Mustangs have worn a pair of stripes down the middle of the car ever since the days of Carroll Shelby. The look is so well established that Shelby is often incorrectly attributed as the inventor of the stripes, and today, virtually any American muscle or pony car can rightly get away with it.
Racing stripes, also called Le Mans stripes, were applied to racecars to help identify them in the field during races.
This car was done right (granted, from the factory, as an option).
Stripes on cars are actually a somewhat controversial topic. They neither make your car faster nor your penis bigger, yet they’re still all tied up with racing heritage and alpha-male bravado. So let’s say you’ve got a sweet car and you wanna spiff up the looks a little bit — what about adding stripes? Well, let’s talk about that.
Stripes on a fender like you see here originated in motorsport, back in the pre-radio days before drivers and pits could communicate with each other. It was a way for the team to identify drivers in otherwise identical cars. Honda roadster tradition does indeed include a stripe, but nothing like the ones on the Honda above. A well-meaning attempt, but still completely wrong.
Even if you do everything right with the stripes, they’re still a reference to high performance and a competitive heritage. I’m not saying you can’t have stripes on your car if you don’t take it to a race track (though that is where they look best). But they’re boastful by their very nature, so first of all, expect a little extra attention from law enforcement, and secondly, it helps to have something to back up the boast. If you’re serious about being taken seriously, check out our list of car mods that’ll actually improve your car’s performance. Honestly, stripes should be among the last things you do.
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Ultimately, it’s up to you to know your car’s heritage; does striping it actually make sense, or are you just putting a stamp on something because you think it looks cool?
Is your car souped up, or are you just using it for your daily commute?
Does your car have a clearly established pedigree of stripes?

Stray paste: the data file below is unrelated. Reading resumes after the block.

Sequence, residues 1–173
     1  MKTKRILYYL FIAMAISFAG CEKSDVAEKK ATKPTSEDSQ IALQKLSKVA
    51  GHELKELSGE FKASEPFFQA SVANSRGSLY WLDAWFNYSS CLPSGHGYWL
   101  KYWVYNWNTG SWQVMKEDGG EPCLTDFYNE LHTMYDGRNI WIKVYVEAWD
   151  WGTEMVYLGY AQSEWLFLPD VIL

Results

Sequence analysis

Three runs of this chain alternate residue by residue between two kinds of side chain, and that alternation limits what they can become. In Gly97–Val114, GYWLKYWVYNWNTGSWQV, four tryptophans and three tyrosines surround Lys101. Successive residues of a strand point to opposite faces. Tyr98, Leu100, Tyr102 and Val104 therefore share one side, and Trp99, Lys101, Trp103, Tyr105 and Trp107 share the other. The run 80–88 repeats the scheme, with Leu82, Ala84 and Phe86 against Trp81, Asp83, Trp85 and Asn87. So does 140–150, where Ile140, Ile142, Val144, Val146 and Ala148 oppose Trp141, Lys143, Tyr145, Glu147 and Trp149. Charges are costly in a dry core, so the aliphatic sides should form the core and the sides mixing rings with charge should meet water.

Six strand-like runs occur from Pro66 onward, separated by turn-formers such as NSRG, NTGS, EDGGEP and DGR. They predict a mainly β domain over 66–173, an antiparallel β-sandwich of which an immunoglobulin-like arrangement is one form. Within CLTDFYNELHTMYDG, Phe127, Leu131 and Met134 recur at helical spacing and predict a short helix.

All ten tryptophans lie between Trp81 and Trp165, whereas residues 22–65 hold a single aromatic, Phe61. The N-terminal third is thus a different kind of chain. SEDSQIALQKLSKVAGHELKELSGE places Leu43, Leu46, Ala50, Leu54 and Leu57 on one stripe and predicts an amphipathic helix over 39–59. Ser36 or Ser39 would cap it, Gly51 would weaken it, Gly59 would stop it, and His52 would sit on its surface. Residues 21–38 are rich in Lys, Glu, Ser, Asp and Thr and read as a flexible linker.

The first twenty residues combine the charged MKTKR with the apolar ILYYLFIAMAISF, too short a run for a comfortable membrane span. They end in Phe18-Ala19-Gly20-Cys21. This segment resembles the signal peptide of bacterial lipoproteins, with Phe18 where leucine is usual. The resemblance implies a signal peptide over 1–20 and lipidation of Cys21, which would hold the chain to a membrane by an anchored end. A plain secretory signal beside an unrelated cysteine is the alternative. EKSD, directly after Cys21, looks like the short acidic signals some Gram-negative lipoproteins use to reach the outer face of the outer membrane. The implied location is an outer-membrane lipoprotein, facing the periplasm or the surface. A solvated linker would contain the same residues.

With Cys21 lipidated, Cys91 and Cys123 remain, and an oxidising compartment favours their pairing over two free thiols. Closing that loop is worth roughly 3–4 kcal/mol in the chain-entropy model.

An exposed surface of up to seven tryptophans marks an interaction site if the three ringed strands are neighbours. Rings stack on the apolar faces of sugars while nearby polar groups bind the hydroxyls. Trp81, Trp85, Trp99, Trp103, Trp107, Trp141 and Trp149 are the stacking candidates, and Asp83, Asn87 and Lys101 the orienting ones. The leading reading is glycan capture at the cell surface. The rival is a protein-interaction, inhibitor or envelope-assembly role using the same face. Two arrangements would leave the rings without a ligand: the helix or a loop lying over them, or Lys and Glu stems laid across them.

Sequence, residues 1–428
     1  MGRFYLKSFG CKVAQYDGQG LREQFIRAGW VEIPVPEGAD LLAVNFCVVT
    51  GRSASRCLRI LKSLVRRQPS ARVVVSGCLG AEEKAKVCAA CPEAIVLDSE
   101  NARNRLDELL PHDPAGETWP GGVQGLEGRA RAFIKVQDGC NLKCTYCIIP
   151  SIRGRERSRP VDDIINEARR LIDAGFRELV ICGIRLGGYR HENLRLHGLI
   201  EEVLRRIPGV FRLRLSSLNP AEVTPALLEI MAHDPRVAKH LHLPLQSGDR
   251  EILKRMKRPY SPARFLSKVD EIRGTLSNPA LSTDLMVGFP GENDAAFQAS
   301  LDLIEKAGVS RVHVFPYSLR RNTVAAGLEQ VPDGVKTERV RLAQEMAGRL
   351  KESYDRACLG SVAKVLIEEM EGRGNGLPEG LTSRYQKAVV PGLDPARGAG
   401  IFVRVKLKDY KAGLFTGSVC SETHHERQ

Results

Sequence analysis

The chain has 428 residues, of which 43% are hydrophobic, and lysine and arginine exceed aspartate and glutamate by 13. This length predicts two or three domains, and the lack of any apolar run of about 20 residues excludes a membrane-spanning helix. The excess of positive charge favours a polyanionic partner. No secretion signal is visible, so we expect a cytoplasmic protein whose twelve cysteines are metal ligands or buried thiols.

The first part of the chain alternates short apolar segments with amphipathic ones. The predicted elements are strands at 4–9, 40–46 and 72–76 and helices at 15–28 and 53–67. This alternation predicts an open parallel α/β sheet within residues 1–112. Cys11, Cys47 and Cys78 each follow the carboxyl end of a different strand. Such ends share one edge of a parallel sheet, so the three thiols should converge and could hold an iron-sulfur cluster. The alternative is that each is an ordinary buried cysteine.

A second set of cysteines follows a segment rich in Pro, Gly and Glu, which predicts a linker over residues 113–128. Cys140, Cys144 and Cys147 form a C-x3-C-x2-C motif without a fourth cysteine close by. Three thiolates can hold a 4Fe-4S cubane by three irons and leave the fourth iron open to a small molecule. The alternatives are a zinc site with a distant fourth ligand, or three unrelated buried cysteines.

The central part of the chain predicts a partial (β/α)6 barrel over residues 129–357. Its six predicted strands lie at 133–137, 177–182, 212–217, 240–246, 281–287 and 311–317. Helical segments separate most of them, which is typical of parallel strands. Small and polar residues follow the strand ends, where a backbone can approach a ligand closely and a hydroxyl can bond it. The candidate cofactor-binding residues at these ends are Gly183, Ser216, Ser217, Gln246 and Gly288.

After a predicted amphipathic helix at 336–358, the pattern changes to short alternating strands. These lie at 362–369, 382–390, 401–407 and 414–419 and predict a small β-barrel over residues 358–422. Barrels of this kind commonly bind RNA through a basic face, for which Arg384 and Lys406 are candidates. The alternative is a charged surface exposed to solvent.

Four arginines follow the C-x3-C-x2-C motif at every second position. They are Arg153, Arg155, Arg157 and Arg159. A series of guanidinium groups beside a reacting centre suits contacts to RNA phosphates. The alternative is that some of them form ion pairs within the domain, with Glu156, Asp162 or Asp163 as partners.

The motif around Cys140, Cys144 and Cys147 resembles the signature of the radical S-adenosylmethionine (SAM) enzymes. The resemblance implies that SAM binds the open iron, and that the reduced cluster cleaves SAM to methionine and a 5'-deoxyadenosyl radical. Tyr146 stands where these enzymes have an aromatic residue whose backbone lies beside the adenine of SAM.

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Here’s the deal: it’s your car, and it’s a free country. Do whatever makes you love your car enough to turn back and look at it after you park, and at the end of the day, you’ll be fine. But that said, you risk broadcasting to the world that you’re a card-carrying member of the car-illiterate class, or worse, a complete poser.
Porsche’s partnership with Martini branding (as in the previous photo) is seemingly prehistoric, while BMW has been using several variations of its blue/purple/red M stripe since the 1970s — they’re both acceptable.
Aaron Miller is the Cars editor for Thrillist, and can be found on Twitter. He has never, ever had a stripe on a car… yet.
The first road car to implement racing stripes was the 1965 Ford Mustang GT350. From the 1960s, stripes have sometimes been applied to road cars as well as racing cars. Such cars as the Renault 8 Gordini had stripes fitted as standard. They are sometimes referred to as “go-faster stripes” on road cars. An alternative style features stripes which wraps around the car sideways instead of running down the center of the vehicle called “bumblebee” stripes. These stripes were featured prominently on the Dodge Charger Daytona race car. Dodge’s “Scat Pack” performance package for 1968-1971 muscle cars featured the bumblebee stripe as a signature. In 1996 a pair of 8-inch wide stripes were used on the Dodge Viper GTS, starting a revival of the fashion. They are sometimes referred to as “Viper Stripes”.
1 Racing cars 2 Road cars and “go-faster stripes” 3 See also 4 References 5 External links
Racing stripes were applied to the Cunningham team’s racecars beginning in 1951. Usually two parallel blue stripes running from front to rear in the centre of the white body, they helped spectators identify the cars during races. These evolved from the traditional FIA registered US Racing colours of a white body and blue chassis which dated from when racing cars had the chassis exposed. The two blue stripes were a symbolic echo of the chassis colours. In 1964 the Shelby Daytona Coupe would use the converse blue with white stripes and would compete in the 1964 and 1965 24 hours of Le mans.
The 1965 Mustang GT350 was the first road car to feature racing stripes. Seen here with the original white with blue stripes
See also List of international auto racing colors References External links Cover of Time magazine dated, April 26, 1954 — the links at the bottom of the page lead to various years of production A Costin Lister Jaguar raced by the Briggs Cunningham team in detail and with history — with link to views Full list of Team Cunningham drivers — presented on site along with many other informative pages Road Racing Drivers Club — see deceased members list for the biography Briggs Swift Cunningham II — tribute 2003
The most important takeaway here is that you do not, under any circumstances, put stripes on a Prius. Even if you’re doing it in hipstery, drinking-PBR-ironically sort of way. Just no.
I’ll never forget walking through my high school parking lot one day and stumbling on a Mustang that had Camaro stripes. The poor guy (or girl, I have no idea who owned the car) probably had no idea what he had done wrong, or why the car just didn’t look right. Do you see that extra-thin stripe outlining the two main stripes here? That’s a GM thing. Compare it to the Shelby above and you’ll see the difference.
If you’d rather have a car that’s stunning and a classic throwback, whether you should stripe it depends on the car itself, its heritage, and the style of stripe.